That may be true, but certainly in your backyard, the Bay Area, many people living in cramped, high-priced rentals aren’t there by choice.
That is a big challenge, specifically in San Francisco, Oakland and Berkeley. The issue of affordable housing for our community is very important. Here at the San Francisco Fed, we’re a convener, bringing together investors, local governments and nonprofits to develop strategies to preserve housing for moderate and low-income households, and build healthier communities that have access to nutritional food and public transportation. One of the examples is our efforts to preserve affordable housing in neighborhoods like the Tenderloin, the South of Market area. … As much as the San Francisco economy benefits from having people who work for Google and Twitter, it’s also an opportunity with new money coming into the area to make investments in moderate and low-income housing. It’s a big concern for business leaders: If your employees can’t find affordable housing, your business can’t succeed.
And we’re doing similar work in Sacramento. At a recent Greater Sacramento Healthy Community Summit, we brought together 350 people to discuss ways to improve access to affordable housing, public transit, grocery stores... and good schools. Our role was to bring together people who are thinking about these issues…investors and people with ideas of what’s worked – and hasn’t worked – elsewhere.
Student loan debt has reached epic proportions. Many cite it as one of the biggest long-term drags on the economy. What’s your take on the problem? What would you advise a college-bound student or their parents about paying for college?
The best research about the returns on higher education, including some done by the Federal Reserve, shows that more education, properly invested, has a very high rate of return on future income and job prospects. … In terms of debt, where a lot of people got in trouble is taking on debt for education that doesn’t have clear benefit in terms of marketable skills or good-paying jobs. The best advice is to make sure the programs have proven track records into good-paying jobs, getting the skills needed to achieve (your) goals. … In construction and higher-skilled trades, those jobs are out there. There’s a huge demand for experienced plumbers and welders. … The investment in learning those trades is there.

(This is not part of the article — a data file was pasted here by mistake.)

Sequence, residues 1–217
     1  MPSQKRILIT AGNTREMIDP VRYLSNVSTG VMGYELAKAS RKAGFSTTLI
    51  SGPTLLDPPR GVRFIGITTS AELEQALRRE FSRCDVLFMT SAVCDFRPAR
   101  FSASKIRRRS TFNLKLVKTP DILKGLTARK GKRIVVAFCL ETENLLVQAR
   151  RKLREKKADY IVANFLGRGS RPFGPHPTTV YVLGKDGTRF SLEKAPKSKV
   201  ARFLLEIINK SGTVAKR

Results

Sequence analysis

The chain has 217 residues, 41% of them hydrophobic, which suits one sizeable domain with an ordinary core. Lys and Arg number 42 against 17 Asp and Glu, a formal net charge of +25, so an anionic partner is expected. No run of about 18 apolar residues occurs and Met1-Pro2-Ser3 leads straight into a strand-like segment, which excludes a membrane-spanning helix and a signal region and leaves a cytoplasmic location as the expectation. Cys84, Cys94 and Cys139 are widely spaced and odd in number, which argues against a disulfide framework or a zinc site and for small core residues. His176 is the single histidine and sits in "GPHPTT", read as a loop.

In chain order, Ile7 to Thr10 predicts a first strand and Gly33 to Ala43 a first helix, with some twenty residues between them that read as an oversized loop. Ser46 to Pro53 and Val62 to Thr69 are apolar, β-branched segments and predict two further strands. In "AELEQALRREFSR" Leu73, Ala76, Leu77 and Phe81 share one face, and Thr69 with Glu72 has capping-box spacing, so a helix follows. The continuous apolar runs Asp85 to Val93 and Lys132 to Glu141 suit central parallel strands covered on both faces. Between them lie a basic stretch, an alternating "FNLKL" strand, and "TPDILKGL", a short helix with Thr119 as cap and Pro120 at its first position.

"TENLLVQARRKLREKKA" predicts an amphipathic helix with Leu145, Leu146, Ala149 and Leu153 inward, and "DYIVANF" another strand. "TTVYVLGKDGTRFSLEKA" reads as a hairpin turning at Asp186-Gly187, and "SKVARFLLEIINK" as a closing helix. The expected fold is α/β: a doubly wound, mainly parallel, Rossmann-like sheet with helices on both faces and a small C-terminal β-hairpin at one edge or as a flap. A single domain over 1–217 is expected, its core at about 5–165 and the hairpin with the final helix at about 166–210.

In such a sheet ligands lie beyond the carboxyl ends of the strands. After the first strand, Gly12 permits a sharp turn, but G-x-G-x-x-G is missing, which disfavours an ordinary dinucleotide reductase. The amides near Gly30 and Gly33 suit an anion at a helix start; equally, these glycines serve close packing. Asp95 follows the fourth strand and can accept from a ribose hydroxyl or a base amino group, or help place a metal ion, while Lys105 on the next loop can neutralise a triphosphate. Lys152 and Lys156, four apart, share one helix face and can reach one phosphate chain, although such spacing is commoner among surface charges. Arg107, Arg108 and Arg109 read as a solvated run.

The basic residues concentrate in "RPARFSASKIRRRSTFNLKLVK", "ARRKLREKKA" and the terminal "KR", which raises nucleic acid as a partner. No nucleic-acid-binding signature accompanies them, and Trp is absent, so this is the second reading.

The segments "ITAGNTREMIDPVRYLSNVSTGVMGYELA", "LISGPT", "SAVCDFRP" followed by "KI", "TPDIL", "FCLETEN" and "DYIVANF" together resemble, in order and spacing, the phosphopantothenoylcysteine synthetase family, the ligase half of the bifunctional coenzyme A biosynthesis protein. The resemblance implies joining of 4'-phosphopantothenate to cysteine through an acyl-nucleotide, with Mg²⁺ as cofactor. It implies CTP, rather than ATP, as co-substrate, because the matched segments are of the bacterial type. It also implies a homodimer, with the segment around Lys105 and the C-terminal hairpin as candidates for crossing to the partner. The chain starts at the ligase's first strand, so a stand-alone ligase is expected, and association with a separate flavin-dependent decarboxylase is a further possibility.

For years, the Fed has always had specific targets – hitting 6.5 percent unemployment and 2 percent inflation – as the triggers for raising interest rates. But recently, the Fed is indicating that those old benchmarks no longer work. What’s your feeling?
In my own view, the time for those specific thresholds is gone. Now that unemployment is roughly 6 percent and inflation is at 1.5 percent, we’re not far from our goals. It was useful in the past, but it’s not useful in the future. What we really should be moving toward is explaining our policy intentions, not saying that it depends on X or Y but doing our best to explain our thinking. I don’t see any need going forward to put numerical markers in our statements.
The stock market’s had a great year and the U.S. dollar is strong compared with just about any other currency worldwide. How much of that will change if the Fed starts raising interest rates?
Whether it’s bond or mortgage rates, the markets have already expected us to raise interest rates sometime next year and do it gradually. It’s already built into the stock market. If the economy continues to improve as most people expect, that’s already in there, so I wouldn’t expect a big change. Assuming we do it (raise rates) consistently and as long as we communicate our views and intentions reasonably clearly, I wouldn’t expect a big market correction.
And the final consumer question: when are interest rates going up?
My own personal view is that the first raising of interest rates would be the middle of next year. It’s all about how the economy’s doing.
JOHN C. WILLIAMS